• What is the relationship between sin and psychopathology?
  • Who or what is the primary agent of change in therapy?
  • What is the most difficult part of practicing psychotherapy while maintaining your beliefs?
  • What is the most rewarding part?

Standing alone, you'll find each participant gives a wise, candid reflection on psychotherapy within a spiritual context. The added value comes when we compare one faith-based practitioner with another to truly see the nuances of their approach. We see the diversity beyond their theology as well. Some wrote a little, others a lot. Some were personal, others more theoretical/philosophical. No, therapists are not all the same.

By the way, I'm very interested in this topic. I consider spirituality to be an important part of the self and believe religion is a vital component of a client's social, cultural, moral and relational worldview. I am aware that my Judeo-Christian background could potentially lead to blind spots as I present this material, and will try my best to eliminate any bias. For example, one of the questions is about sin, which is a concept not shared by all religions. I knew this, but asked because it's a concept familiar to Western readers and I thought it would help distinguish between religions. But really, there's very little room for me to muddy the waters - my next twelve posts are essentially written by other people.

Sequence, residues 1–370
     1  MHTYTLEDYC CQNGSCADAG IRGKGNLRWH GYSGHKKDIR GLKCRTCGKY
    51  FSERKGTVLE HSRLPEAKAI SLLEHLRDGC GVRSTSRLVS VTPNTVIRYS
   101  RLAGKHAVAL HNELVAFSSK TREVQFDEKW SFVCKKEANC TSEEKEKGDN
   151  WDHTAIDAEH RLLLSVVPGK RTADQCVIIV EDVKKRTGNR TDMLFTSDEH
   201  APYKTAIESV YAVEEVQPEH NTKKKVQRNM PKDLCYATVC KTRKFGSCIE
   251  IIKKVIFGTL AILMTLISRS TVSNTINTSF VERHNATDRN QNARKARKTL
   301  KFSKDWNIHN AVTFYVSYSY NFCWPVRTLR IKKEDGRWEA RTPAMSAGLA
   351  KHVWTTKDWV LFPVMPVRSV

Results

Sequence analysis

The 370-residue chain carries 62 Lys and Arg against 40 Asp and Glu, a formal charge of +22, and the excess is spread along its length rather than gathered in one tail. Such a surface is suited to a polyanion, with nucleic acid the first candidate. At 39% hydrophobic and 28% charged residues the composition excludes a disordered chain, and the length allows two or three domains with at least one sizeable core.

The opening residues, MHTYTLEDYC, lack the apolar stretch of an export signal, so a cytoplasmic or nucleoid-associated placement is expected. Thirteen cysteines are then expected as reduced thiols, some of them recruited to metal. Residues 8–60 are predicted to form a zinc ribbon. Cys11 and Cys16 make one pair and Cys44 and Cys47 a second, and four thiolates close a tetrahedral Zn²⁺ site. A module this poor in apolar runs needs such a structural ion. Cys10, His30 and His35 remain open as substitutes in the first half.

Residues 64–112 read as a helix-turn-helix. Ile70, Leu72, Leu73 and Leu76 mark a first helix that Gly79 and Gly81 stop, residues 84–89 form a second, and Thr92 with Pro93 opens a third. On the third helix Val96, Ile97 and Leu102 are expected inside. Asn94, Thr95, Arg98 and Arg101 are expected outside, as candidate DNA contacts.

Disclaimers: In no way is the intent of this series to promote or discredit any of the traditions discussed. The aim is to educate clients, students, therapists, professors, and anyone interested in the relationship between religion and therapy. The participants have agreed to share their personal opinions, but they are not speaking in an official capacity on behalf of other members of their religion, including your therapist. Respectful dialogue in the comments section is stongly encouraged!

To add an element of mystery and dramatic tension, I'm not going to tell you who's coming until it posts. This is my birthday gift to you, kind readers. I hope you enjoy the journey.

The Varieties of Religious Therapy

Post 1: Judaism with Mordechai Rotenberg
Post 2: Native American Spirituality with Lewis Mehl-Madrona
Post 3: Catholicism with Gladys Sweeney and colleagues
Post 4: Islam with Hanan Dover
Post 5: Hinduism with V George Mathew
Post 6: Mormonism with Derek Hatfield
Post 7: African Spirituality with Suzanne Henderson
Post 8: Biblical Counseling with David Powlison
Post 9: Secular Humanism with Leon Seltzer
Post 10: Twelve Step Spirituality with Rabbi Rami Shapiro
Post 11: Christian Psychology with Mark McMinn
Post 12: Buddhism with Lorne Ladner
Summary and Conclusion: coming soon!

I'll post these once a week. In case you don't catch it among the rushing river of PT blogs you may want to RSS subscribe, bookmark In Therapy or this page (this will serve as the table of contents) or "Like" my facebook page where I'll be announcing each new post. 

All artwork by WG